My role in a recent Sen. Susan Collins event was for conversation, not interrogation

Sen. Susan Collins (right) speaks with Bangor Daily News feature reporter Meg Haskell during the first Dirigo Speaks event on Tuesday at Gracie Theatre at Husson University in Bangor. The event, hosted by AARP and the Bangor Daily News, is a new platform for Maine leaders and regional news-makers to share opinions, ideas and perspectives on what's happening in Maine. Ashley Conti|BDN

Sen. Susan Collins (right) speaks with Bangor Daily News feature reporter Meg Haskell during the first Dirigo Speaks event on Tuesday at Gracie Theatre at Husson University in Bangor.  Ashley Conti, BDN

Regular readers may remember that last week I was fretting over my upcoming role as moderator at a public forum in Bangor featuring Maine’s senior senator, Susan Collins. Hosted at the Gracie Theater at Husson University in Bangor, Collins’ appearance last Tuesday evening was billed as an invitation to Mainers concerned with issues of aging — issues like caregiving, elder fraud and exploitation, Medicare and Social Security — to convene for an hour of civil discourse. There would be drinks and finger foods beforehand, and an opportunity to mingle and hobnob afterward.

My job was to join the senator on stage after her opening comments, ask her to respond to appropriate questions from the audience and generally flesh out the conversation. The event, part of a series called Dirigo Speaks, was co-sponsored by the Bangor Daily News and the senior-advocacy organization AARP. I was asked to keep the conversation focused on the issues at hand, head off any signs of audience insurgency and maintain an atmosphere of friendly cordiality.

Everything ran smoothly. After an introduction by Lori Parham, director of AARP in Maine, Collins spent about 30 minutes at the podium. She spoke primarily about the work of the U.S. Special Senate Committee on Aging, on which she has served since 1997 and which she has chaired since January 2015.

She talked about drug pricing, recounting the committee’s successful efforts to combat a shocking increase in the price of the EpiPen. She recounted the plight of Byron Martin of Dresden, Maine — a retired pastor who was jailed in Spain after being duped by an online sweetheart into carrying South American cocaine into Europe. (Is it just me, or does anyone else think this story deserves a folk ballad written about it?)

Collins also discussed her commitment to increasing funding for Alzheimer’s research and spoke about the RAISE Family Caregivers Act, bipartisan legislation that would set in process the development of a national framework to support people who are caring for frail loved ones at home.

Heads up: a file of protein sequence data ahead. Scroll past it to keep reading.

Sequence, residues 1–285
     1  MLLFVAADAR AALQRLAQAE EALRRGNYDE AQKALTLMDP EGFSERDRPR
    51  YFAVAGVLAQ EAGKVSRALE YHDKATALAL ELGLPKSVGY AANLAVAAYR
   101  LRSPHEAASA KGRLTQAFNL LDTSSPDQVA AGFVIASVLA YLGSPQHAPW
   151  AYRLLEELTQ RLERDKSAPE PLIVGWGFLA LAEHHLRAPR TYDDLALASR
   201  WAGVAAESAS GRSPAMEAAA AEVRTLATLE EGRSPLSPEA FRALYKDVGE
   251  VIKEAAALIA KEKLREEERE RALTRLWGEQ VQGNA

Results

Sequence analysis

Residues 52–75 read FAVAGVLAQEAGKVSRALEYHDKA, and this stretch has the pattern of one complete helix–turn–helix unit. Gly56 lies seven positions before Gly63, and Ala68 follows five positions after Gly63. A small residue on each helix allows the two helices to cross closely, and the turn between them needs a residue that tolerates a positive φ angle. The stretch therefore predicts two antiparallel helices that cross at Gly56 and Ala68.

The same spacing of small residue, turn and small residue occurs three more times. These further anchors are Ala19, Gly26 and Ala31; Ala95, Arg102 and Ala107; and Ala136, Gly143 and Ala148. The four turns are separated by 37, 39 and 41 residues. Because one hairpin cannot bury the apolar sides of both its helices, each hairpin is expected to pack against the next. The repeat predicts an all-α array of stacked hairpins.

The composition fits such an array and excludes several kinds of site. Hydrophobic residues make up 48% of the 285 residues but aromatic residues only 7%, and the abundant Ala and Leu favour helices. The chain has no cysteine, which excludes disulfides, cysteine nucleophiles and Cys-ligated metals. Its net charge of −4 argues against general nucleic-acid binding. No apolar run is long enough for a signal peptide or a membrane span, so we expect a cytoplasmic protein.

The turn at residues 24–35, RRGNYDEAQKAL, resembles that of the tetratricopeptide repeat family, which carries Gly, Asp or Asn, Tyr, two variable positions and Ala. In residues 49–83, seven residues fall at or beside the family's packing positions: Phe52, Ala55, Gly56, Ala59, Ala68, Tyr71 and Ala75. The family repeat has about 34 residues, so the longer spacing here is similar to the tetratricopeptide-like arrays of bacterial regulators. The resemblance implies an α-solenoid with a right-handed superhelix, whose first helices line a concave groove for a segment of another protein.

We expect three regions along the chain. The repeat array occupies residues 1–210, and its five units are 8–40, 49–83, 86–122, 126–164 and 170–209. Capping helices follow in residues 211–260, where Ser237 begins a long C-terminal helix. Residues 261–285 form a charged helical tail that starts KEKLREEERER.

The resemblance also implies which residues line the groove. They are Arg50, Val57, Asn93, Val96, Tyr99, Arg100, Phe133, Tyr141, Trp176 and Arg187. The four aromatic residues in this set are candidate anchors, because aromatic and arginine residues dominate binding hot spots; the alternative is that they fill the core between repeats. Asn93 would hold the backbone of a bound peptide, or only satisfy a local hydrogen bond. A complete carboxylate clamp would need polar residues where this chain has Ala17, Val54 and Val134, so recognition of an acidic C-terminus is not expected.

After her talk, Collins sat with me and took questions from the audience. This was the part of the program that had made me so anxious, fearful of either getting tongue-tied or sounding like a chatty talk-show host instead of a hard-hitting journalist.

I had gotten a few angry emails challenging me to call Collins out on everything from being a traitor to the Republican party to her supposed collusion with a plan to drive Medicare out of existence.

However, this convivial event wasn’t the place to raise those thorny notions, nor was it my role to do so. We were there for a conversation with constituents who took time to be in the audience.

I had received some other, more topical questions from readers and was prepared to pose them, together with questions of my own, in case the conversation ran out of gas. But the purpose of the evening was to give Collins time to interact with the audience, not with me.

Even Martha Raddatz and Anderson Cooper were a little nerved up before that last Clinton-Trump debate, don’t you think? I reminded myself of my days in community theater, waiting backstage for my cue and that excruciating, irretrievable moment when I would walk out on stage, open my mouth and deliver my first line. Everything else would fall into place after that.

And, pretty much, that’s what happened. The audience rose to the occasion with plenty of good questions and comments, ranging from queries about the best time to start tapping Social Security retirement benefits to why prescription medicines in Canada are so much cheaper than they are in the United States. Collins responded intelligently and at length. I kicked the conversation around a little between questions, but basically let her have the floor.

At the end, she spoke openly about the presidential campaign and her distress over it. She has no second thoughts about having distanced herself from many of her fellow Republicans, including Maine Gov. Paul LePage, by publicly denouncing GOP candidate Donald Trump. But, she said, she can’t endorse Democrat Hillary Clinton or Libertarian Gary Johnson, either.

“I feel in a terrible dilemma this year, “ she said, adding that she may resort to writing in a name on her ballot when she votes.

“Why don’t you run, Susan?” someone called from the audience. She laughed it off, but it was evident that most in the theater that night had a lot of respect, and even affection, for Susan Collins, even though they may not have entirely agreed with her politics.

Then she accepted an award from AARP, and the evening was over.

I have to admit, I enjoyed the event fully, from socializing over shrimp and cupcakes in the lobby to watching the last of the guests trail out the door toward the parking lot, engaged in avid conversation.



Meg Haskell

About Meg Haskell

Meg Haskell is a curious second-career journalist with two grown sons, a background in health care and a penchant for new experiences. She lives in Stockton Springs. Email her at